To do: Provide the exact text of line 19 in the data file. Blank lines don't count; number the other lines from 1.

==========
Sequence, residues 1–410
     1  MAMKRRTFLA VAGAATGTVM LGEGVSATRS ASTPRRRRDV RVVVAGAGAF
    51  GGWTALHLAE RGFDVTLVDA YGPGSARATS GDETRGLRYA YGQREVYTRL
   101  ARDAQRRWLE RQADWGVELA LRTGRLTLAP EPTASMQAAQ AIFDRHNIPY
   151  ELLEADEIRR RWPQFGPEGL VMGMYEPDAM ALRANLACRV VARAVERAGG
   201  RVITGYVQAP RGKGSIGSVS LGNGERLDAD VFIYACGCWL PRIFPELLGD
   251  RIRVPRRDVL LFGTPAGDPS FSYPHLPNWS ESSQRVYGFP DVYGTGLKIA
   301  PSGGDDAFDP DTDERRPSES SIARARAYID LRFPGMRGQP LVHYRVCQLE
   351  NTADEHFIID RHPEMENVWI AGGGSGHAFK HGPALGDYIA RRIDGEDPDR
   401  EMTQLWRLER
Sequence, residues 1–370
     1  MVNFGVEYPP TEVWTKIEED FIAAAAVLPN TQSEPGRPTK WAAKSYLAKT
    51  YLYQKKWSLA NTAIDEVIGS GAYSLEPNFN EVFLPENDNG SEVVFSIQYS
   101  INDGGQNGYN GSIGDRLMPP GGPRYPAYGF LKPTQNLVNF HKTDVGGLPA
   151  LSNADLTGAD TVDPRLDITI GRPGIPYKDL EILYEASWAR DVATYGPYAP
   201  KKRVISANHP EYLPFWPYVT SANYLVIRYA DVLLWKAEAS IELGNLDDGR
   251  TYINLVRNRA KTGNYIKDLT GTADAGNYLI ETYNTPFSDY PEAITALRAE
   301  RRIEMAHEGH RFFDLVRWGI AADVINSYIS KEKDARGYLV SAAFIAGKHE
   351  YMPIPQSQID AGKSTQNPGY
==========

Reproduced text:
   351  YMPIPQSQID AGKSTQNPGY